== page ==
As many of you know I’m always on a search for ways to spend less and have MORE. If you are part of our Facebook Community then you probably have seen these photos and me posting about this macro lens a million times. For that, I do apologize, but no photographer should miss out on a good deal!
When I first started working with macro photography it was just for ring shots at weddings. I used to think it was so important to have the absolute best gear out there possible, and often times it is. However, macros weren’t the case. I started out by purchasing Canon’s 100mm f2.8 (non L) macro lens. This was great, but a little clunky. It didn’t seem to focus well and I wasn’t overly impressed with the sharpness of the photos. After awhile and a little bit of reading I finally decided to upgrade to the L version of the lens. This lens averages around $1000. So there, I had the best there was for macros right? Well I found taking it out of my camera bag for 25-30 times a year for one ring photo at a wedding seemed like a bit of a waste. It’s like walking around with $1000 burning a hole in your camera bag. I sold the lens (to Chad ironically). After that I tried a series of filters, macro attachments, extension tubes, etc. I was a bit disappointed. I didn’t want to spend big money on a macro that I would barely use, but I still wanted to rock my wedding ring shots.
It wasn’t until this past winter when I started thinking back to my early days as a photographer. I remember when I was so poor I couldn’t even buy a Canon 50mm 1.8 for $100. Instead I opted to go with the old film manual focus lenses just to save a little bit of money. I began to wonder if this would apply with macros and low and behold…it did. I asked around and nobody seemed to know much about Canon’s older film and manual focus lenses. These are generally categorized as FD lenses because the older Canon bodies had an FD attachment, where our new ones have the EOS attachment.
One day I was searching around on keh.com for used FD macro lenses and I stumbled across the Canon 100mm f4 macro FD lens. It was $80 used. It couldn’t hurt, right? So I bought it. That was only a couple months ago and let me tell you – that was the best $80 I have ever spent on my business, ever!
Since we’ve discussed this in our Facebook group several times here are a few common questions people ask related to my experience with this lens:
1. Average price?
If you buy it used you can find it for between $80-150. Both price points are great deals on a macro lens. Comparibly the Canon 100mm non-L lens averages about $500 and the L version $1000.
2. What about the aperture?
Yep, it only goes as low as f4. Many of you know I like to shoot wide open. The one big exception to shooting wide open has always been with macro ring shots, you can lose so much with such a shallow depth of field when you’re that close to the object you’re photographing. I often have my macro aperture set much higher than f4.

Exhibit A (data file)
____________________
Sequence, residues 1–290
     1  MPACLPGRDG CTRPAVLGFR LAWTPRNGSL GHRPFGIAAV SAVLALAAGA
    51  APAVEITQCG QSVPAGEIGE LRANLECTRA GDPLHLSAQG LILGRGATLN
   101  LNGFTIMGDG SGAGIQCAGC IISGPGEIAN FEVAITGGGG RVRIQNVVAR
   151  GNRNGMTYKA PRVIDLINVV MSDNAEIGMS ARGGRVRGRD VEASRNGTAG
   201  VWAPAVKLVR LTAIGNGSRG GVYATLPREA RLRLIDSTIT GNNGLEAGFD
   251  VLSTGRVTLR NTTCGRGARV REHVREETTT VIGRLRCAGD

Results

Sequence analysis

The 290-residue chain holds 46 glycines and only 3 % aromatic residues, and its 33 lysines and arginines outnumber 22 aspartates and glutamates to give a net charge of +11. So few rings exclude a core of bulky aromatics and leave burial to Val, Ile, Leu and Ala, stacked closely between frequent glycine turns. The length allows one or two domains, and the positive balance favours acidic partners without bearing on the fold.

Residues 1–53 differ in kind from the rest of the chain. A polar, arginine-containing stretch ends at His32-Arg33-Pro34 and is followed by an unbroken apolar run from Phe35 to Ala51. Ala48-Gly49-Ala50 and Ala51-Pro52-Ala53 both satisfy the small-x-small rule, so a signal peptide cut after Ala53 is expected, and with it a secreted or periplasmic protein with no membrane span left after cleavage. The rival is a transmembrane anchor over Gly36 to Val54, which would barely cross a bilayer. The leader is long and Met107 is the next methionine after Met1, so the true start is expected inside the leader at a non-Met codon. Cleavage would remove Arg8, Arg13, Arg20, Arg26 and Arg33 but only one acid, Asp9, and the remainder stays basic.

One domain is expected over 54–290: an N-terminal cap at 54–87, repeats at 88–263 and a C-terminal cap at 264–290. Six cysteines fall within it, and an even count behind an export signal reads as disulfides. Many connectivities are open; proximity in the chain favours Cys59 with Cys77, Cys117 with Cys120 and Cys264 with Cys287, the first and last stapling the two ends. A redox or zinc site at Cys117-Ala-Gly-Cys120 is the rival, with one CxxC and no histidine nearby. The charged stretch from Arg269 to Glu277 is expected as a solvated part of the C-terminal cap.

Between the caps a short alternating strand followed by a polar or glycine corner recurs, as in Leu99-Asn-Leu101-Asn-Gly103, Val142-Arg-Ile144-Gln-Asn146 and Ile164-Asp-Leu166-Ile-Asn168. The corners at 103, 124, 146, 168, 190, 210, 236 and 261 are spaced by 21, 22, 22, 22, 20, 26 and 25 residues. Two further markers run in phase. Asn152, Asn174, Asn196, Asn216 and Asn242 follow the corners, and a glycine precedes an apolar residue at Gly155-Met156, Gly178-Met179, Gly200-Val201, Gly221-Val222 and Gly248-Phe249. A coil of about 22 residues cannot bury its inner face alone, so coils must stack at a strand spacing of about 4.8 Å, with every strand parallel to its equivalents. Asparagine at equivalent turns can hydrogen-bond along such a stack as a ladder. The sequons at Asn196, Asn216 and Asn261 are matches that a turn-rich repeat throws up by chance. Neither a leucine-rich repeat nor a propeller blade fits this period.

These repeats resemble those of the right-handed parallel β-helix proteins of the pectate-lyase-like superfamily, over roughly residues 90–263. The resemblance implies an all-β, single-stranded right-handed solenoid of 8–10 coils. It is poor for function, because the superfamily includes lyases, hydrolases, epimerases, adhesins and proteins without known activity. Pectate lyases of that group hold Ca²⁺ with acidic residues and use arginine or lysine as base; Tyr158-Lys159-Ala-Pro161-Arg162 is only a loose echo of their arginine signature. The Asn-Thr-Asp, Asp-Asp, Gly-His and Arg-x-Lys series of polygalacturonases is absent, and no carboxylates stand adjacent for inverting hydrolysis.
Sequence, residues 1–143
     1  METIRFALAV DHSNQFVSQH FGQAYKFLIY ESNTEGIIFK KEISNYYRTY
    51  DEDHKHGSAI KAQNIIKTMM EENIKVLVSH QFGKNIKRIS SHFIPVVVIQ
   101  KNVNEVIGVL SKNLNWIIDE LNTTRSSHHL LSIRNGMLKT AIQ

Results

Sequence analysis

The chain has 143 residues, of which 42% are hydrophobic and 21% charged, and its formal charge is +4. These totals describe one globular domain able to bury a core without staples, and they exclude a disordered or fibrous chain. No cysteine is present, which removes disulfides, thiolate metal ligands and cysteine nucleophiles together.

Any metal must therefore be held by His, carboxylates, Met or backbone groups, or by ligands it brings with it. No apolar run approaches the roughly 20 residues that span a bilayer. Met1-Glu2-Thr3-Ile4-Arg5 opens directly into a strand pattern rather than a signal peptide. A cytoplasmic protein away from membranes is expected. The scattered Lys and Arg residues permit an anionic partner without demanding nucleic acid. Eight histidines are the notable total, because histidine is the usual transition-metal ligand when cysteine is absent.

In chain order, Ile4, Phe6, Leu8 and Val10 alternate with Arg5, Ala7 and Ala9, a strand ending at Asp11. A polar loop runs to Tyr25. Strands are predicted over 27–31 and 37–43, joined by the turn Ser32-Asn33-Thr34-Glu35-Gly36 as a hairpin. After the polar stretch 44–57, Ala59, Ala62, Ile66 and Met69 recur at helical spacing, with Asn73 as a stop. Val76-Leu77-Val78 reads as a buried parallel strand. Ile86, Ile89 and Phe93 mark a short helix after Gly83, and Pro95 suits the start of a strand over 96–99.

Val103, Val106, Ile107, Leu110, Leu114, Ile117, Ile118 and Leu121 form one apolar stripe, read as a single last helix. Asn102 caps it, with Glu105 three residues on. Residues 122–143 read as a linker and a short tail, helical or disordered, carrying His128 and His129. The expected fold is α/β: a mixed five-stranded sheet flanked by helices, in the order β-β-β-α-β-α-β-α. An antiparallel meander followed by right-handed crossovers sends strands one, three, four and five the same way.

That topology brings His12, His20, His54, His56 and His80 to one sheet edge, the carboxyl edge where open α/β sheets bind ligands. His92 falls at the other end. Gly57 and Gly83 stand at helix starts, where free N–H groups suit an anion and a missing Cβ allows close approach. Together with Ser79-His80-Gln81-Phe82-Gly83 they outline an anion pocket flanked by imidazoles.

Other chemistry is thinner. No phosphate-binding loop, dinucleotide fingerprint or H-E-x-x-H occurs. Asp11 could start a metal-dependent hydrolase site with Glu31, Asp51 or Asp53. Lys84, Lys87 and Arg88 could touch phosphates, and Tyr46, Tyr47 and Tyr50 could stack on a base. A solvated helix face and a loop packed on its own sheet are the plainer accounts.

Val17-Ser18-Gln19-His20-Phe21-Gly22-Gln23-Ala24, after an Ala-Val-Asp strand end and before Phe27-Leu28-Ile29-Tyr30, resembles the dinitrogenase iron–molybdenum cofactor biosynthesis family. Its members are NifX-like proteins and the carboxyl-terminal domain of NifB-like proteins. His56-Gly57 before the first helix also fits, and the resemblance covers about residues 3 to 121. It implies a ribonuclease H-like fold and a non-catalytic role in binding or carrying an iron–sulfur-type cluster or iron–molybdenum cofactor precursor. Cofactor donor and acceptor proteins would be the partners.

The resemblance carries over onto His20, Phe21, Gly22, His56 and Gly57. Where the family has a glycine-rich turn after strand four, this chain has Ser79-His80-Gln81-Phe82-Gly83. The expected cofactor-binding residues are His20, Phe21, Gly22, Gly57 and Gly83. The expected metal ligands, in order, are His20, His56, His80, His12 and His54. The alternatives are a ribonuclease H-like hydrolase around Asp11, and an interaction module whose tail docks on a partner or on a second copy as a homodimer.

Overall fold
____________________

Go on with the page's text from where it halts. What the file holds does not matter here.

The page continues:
3. What about the manual focus?
What about it? If you’re mainly using a macro to capture wedding rings and newborn toes you don’t need to worry about auto focus. The auto focus on even the newer EOS lenses is still difficult to use and not recommended when shooting macro. If you’re mainly using this for only occasional use this lens will be perfect for you. Some photographers like to use the 100mm/105mm macro lenses to shoot portraits. If you do that you’ll probably want to invest in an auto-focus version.
4. Is there a Nikon equivalent?
Of course! This is also a discontinued old film lens you will want to buy used and goes for a similar price point. You can find the Nikon 105mm f/4 macro >here<
5. Will this fit on my camera (full frame, cropped, etc.)?
Yep! If you’re using a newer Canon EOS body (which is most likely you are) you just need to buy an EOS to FD adapter. I bought a very cheap one on Amazon, brand doesn’t matter.
6. Where can I buy it?
Well after all my posts about it a lot my usual haunts for used gear are currently out. Keep an eye out for it on Ebay, Amazon, and at Keh.com or other used camera gear retailers.
7. How did you get that awesome bokeh in your photos?
Well….by getting myself a ring kit together. A friend of mine, Ashley Fisher, is an amazing photographer in St. Louis and put together a ring kit she brings to each wedding with glitter paper, beads and other props. I’ve been taking this to all my recent weddings and it’s amazing! You can find out more about her ring kit >here<
Here’s a few sample photos to show you what it’s capable of. I don’t fancy myself the best photographer, but I think these are pretty sweet.